I love Doctor Who. No, really, there’s a 74% chance that I’d be on my knees worshipping a Time Lord in Gallifrey’s Panopticon if I had access to a TARDIS and wasn’t studying to be a Catholic priest. Lacking a TARDIS (…and believing in the Nicene Creed), instead I content myself by speculating on the intersection of faith and Doctor Who. So it’s no surprise that I loved watching this video on PBS’ Idea Channel where host Mike Rugnetta asks if Doctor Who is a religion. Check it out:
In the interview Rugnetta draws upon Clifford Geertz’s three-part definition of religion as “(1) a system of symbols which acts to (2) establish powerful, pervasive, and long-lasting moods and motivations in men by (3) formulating conceptions of a general order of existence…”. Using this definition Rugnetta shows that the Whovians who compose Doctor Who’s huge fan base are a near-perfect example of an “effervescent” community. We attend conventions, we write fan fiction, we create fan art, we chat about the show. And we do cosplay. Doctor Who as religious community? Check.
But that’s not all. Whovians also share the many cosmos-ordering symbols found in Doctor Who. These are the symbols that make sense of the fictional world of Doctor Who, providing its philosophical framework of right and wrong, the meaning of life and the justification of the Doctor as “capital G good” and the Daleks as evil incarnate. As fans learn to speak and innovate within the language of these symbols, they can give birth to a “religious idea” in the sense coined by the famous French sociologist Émile Durkheim.
Obviously Doctor Who is not wholly unique in all of this, and the question of reading fandom as religion has been asked of many television shows – including Michael Jindra’s examination of Star Trek. In his essay on Star Trek fandom he noted that it “seemed akin to a religious movement” with its own origin myth, a set of beliefs, organizations, schisms among fans and even “a stigma associated with Star Trek fans that is similar to that directed against serious devotees of other religions.”[1. Michael Jindra, “It’s About Faith in Our Future,” in Religion and Popular Culture in America, ed. Bruce David Forbes and Jeffrey H. Mahan (Berkeley, CA: University of California Press 2000), p. 167.] Despite being the older of these two shows, Doctor Who still awaits an academic study of its fandom’s religiosity (but this book may come soon). In the meantime, you can catch Splendid Chap’s discussion of Doctor Who and Religion in their July podcast.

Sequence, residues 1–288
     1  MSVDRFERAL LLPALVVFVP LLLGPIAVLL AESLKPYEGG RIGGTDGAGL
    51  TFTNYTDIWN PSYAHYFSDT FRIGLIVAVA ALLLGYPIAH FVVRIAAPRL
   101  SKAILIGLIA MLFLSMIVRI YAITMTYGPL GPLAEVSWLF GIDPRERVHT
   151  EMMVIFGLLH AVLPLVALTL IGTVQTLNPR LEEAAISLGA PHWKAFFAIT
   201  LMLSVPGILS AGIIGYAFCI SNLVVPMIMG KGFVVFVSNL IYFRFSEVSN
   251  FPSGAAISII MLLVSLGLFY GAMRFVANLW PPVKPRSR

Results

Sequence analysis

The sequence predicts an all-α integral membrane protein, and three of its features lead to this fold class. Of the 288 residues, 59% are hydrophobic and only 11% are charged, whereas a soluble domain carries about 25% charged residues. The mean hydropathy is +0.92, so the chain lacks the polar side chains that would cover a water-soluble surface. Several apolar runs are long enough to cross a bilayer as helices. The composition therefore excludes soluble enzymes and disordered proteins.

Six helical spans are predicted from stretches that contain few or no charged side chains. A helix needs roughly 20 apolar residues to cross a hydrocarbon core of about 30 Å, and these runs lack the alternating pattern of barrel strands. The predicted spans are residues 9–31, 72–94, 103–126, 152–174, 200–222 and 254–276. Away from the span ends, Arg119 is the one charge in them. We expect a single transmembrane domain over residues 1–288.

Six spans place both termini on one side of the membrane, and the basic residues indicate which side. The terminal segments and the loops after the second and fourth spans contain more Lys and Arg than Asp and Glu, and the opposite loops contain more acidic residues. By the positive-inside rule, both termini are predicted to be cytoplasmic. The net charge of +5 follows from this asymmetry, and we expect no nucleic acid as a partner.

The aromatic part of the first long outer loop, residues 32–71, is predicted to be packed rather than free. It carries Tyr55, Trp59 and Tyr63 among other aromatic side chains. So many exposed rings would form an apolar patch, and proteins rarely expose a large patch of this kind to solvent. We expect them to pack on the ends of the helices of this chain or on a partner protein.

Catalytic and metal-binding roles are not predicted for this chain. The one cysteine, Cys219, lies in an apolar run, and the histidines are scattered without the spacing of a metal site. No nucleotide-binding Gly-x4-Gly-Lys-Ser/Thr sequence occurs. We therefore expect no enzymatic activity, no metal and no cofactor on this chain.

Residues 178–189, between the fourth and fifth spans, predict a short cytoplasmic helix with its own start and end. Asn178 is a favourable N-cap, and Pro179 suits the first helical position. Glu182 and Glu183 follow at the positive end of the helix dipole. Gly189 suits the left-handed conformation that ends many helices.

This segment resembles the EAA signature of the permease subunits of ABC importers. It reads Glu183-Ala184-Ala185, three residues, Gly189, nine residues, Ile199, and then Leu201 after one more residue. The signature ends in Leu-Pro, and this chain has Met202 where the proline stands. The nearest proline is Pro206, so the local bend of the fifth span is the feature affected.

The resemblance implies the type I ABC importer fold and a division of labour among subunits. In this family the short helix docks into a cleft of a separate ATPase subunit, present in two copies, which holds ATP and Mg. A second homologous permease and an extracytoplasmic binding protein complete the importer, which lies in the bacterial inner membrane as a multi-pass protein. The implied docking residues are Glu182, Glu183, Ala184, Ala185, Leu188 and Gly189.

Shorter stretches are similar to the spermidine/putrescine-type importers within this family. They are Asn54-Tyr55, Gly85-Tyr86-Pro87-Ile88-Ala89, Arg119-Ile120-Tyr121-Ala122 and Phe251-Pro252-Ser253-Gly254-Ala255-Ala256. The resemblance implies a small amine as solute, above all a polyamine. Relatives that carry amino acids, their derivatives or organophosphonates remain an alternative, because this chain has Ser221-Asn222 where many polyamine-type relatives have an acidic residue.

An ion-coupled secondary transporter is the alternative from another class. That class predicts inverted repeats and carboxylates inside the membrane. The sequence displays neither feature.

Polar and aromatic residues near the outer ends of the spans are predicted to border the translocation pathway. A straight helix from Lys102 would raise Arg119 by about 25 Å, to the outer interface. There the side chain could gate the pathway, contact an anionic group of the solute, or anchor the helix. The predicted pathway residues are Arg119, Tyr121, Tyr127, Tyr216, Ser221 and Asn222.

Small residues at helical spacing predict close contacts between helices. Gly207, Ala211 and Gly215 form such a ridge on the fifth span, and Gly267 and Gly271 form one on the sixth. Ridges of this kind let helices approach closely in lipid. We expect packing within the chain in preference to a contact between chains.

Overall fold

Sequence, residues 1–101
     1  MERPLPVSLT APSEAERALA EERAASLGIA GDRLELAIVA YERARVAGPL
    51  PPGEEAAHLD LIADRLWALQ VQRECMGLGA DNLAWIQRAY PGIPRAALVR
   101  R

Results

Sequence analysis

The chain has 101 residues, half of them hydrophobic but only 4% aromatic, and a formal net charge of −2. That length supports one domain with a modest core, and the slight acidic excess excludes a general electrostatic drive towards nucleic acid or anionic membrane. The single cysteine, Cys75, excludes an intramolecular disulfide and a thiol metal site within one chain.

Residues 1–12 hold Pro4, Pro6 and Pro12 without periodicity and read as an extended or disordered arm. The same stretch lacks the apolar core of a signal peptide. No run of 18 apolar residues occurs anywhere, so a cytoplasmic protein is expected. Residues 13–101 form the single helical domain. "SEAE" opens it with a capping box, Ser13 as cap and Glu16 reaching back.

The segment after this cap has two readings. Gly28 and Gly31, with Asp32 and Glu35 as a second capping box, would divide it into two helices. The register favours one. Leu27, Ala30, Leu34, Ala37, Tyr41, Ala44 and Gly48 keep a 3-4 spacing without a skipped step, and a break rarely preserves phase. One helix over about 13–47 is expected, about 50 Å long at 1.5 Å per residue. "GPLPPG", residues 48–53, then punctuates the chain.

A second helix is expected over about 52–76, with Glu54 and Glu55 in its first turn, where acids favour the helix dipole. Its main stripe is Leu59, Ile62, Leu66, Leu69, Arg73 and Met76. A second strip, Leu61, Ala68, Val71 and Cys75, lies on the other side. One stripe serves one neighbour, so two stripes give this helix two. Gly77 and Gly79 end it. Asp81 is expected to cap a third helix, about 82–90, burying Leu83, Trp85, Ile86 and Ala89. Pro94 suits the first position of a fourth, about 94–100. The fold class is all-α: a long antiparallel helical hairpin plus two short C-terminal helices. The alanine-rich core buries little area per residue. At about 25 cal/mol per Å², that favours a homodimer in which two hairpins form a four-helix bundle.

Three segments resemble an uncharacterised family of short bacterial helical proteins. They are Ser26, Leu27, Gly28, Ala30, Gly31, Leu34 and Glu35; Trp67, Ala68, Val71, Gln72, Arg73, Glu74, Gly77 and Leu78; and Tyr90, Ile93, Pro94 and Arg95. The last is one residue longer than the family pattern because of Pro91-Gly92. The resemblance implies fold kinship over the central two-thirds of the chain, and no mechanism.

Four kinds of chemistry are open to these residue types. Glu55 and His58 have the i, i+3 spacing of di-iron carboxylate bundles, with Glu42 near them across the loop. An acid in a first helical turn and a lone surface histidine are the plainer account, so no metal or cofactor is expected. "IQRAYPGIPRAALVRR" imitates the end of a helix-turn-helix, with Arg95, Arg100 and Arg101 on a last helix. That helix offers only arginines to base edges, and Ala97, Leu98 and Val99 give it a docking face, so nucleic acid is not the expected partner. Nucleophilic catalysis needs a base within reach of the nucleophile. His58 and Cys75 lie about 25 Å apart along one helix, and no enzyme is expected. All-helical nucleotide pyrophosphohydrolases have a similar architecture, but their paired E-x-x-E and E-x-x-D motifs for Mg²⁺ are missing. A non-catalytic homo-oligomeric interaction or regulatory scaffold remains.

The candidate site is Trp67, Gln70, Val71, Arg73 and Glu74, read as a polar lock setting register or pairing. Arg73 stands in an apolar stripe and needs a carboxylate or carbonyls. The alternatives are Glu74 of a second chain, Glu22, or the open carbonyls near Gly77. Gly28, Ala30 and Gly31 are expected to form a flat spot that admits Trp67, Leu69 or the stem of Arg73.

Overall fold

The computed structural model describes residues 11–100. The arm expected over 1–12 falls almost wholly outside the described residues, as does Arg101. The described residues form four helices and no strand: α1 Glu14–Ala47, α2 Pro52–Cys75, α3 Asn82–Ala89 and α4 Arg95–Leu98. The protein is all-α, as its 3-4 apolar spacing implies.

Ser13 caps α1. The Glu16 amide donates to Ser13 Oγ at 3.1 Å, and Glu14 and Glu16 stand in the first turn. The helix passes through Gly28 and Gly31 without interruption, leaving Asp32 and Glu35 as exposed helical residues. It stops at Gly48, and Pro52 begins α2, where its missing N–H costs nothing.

Watching Rugnetta’s video and listening to the Splendid Chap podcast may be (okay, are) awesome, but they do stir up some challenging thoughts and feelings. And this because they challenge me as a Christian to discern how I allow these various symbols to replace or complement Christ. When I stop to think about I ask myself:
- Do I allow symbols and values from a fictional television show take the place of Christ’s teachings because it’s easier;
- Do I do it because it’s what the rest of the Whovians are doing?
- Or do many of the show’s symbols and values complement Christianity (probably because they originate from the Christian world view) and bring me closer to Christ?
All these actually deserve my time and attention. Because it’s not just Doctor Who that can usurp my religion. It could be a favorite sports team, or a musical group, it could be a political party, ideology or a national allegiance that functions as – or even replaces – my identity as a Christian?
When I follow this train of thought far enough one last thing becomes clear: it’s even possible for my religion to replace Christ.
– — // — –